After Harvard’s announcement of its new and unprecedented financial-aid policy, all eyes are on Yale, one of the few institutions with the resources to match Harvard’s ante.

University President Richard Levin told the News on Monday that Yale will launch a “major financial-aid initiative” in January, but whether that announcement will match Harvard’s in its scope is unclear. Financial, the University could easily respond with matching reforms next month if it so chooses, according to interviews with several economists and an analysis of University budget documents conducted by the News.

Levin’s disclosure came several hours after Harvard unexpectedly unveiled a sweeping financial-aid initiative that will reduce the expected financial contributions from middle- and upper-middle-income families and completely eliminate student loans. The initiative appears to put Yale at a significant competitive disadvantage in wooing prospective students, making Levin’s announcement next month the subject of scrutiny and anticipation.

Financial aid was a major topic of discussion at this past weekend’s Yale Corporation meeting, Levin said, and the Corporation gave Levin the discretion to launch a “major financial-aid initiative.” Levin declined to disclose any details of the planned reforms and would say only that the changes will be announced next month after the University has worked out all the necessary details.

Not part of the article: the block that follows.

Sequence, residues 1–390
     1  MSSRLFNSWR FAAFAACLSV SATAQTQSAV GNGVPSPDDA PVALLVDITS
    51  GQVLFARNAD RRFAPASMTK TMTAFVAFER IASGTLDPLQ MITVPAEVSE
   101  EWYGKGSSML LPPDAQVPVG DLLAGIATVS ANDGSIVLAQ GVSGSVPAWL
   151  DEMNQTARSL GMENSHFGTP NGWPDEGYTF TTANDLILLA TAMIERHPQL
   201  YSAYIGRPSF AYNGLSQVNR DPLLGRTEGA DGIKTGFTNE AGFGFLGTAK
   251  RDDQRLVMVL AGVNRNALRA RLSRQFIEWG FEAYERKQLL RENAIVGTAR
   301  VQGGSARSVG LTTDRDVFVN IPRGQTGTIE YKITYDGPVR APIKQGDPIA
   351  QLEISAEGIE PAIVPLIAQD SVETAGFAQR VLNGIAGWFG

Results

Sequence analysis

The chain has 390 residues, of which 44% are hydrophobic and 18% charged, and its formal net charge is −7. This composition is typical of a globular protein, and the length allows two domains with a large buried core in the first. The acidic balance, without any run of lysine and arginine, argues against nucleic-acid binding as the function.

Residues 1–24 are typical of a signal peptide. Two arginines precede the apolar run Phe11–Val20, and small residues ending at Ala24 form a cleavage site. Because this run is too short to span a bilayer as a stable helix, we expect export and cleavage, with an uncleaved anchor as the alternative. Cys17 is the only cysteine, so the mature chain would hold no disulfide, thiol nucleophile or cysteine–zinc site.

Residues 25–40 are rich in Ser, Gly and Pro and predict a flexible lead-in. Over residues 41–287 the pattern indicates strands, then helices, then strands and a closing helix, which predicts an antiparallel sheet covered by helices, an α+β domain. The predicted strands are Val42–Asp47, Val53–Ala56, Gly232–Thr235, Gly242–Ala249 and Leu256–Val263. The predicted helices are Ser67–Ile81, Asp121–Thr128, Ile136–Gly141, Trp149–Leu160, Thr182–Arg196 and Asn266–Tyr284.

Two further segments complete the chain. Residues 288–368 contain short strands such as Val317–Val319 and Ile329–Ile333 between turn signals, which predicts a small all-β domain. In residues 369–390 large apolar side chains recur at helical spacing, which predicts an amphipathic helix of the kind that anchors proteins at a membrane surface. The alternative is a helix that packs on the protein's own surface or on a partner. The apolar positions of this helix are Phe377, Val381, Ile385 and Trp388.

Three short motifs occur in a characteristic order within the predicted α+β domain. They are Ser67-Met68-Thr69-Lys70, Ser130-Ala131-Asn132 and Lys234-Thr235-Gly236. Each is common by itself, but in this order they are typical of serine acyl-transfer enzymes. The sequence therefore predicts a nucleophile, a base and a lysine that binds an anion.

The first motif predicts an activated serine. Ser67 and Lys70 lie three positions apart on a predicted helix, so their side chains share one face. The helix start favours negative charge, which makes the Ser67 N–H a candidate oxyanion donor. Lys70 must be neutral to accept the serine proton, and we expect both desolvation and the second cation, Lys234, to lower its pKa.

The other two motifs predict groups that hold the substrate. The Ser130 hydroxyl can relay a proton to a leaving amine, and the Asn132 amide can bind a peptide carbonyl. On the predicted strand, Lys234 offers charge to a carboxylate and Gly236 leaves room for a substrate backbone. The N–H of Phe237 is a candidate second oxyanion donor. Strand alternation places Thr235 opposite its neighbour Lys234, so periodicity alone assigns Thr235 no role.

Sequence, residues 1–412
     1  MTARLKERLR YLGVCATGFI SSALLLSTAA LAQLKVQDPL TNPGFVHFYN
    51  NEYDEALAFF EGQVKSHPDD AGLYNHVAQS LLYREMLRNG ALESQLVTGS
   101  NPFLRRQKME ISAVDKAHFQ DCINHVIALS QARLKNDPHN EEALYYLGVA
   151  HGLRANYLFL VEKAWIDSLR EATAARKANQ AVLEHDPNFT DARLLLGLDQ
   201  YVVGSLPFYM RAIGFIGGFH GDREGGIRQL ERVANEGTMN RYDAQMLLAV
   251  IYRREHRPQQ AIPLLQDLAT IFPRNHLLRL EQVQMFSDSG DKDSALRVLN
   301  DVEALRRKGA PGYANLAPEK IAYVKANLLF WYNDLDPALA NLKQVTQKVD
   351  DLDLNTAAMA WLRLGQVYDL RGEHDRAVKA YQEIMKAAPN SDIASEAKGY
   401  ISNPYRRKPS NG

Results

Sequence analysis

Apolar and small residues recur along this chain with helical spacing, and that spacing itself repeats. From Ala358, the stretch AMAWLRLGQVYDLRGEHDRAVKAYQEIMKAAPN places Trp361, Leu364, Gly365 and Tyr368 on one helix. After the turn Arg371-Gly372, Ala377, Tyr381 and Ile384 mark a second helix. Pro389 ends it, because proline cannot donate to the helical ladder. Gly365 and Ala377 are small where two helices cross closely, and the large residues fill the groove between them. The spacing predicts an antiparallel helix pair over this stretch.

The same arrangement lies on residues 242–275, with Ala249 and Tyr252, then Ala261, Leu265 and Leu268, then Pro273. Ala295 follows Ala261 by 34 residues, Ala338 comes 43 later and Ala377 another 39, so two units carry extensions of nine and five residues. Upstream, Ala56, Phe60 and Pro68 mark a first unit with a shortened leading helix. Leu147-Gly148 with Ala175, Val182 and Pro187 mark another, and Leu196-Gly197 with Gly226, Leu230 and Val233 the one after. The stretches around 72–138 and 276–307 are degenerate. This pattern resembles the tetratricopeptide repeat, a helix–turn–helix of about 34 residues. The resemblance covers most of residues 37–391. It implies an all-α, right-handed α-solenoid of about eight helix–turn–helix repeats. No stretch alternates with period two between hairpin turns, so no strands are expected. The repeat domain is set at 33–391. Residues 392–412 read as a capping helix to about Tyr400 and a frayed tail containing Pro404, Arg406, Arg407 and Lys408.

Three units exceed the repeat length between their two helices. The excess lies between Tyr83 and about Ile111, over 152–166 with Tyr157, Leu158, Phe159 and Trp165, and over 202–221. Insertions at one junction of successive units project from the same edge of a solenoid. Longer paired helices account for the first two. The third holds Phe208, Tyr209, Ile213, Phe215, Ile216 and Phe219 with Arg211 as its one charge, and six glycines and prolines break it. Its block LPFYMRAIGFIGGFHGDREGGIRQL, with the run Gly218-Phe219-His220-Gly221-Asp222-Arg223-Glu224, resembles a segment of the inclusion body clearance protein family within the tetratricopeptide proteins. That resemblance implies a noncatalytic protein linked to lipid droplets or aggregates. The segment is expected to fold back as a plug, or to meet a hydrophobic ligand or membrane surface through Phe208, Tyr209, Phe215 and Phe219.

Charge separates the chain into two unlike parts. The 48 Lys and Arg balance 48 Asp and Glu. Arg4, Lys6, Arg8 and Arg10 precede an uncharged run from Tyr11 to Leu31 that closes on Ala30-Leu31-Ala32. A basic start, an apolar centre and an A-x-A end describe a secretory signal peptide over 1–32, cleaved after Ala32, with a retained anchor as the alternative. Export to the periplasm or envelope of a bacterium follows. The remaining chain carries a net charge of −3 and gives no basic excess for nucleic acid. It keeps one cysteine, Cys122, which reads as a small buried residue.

“We’re going to stick to that plan,” he said in a telephone interview. “Our timing is going to be early January. We’re not going to move reactively to Harvard.”

Levin said he will take Harvard’s new initiative into account in finalizing the details of the University’s January announcement.

The News reported last week that the Corporation would consider financial-aid reforms — including possibly reducing the required student contribution — at their meeting over the weekend. An announcement about new reforms was not expected until later this winter.

In the meantime, Harvard beat Yale to the punch.

Under the new policy, Harvard College’s financial-aid grant budget will rise to $120 million, an increase of $22 million — more than 20 percent. Harvard President Drew Gilpin Faust called the increase a “huge” but worthwhile investment.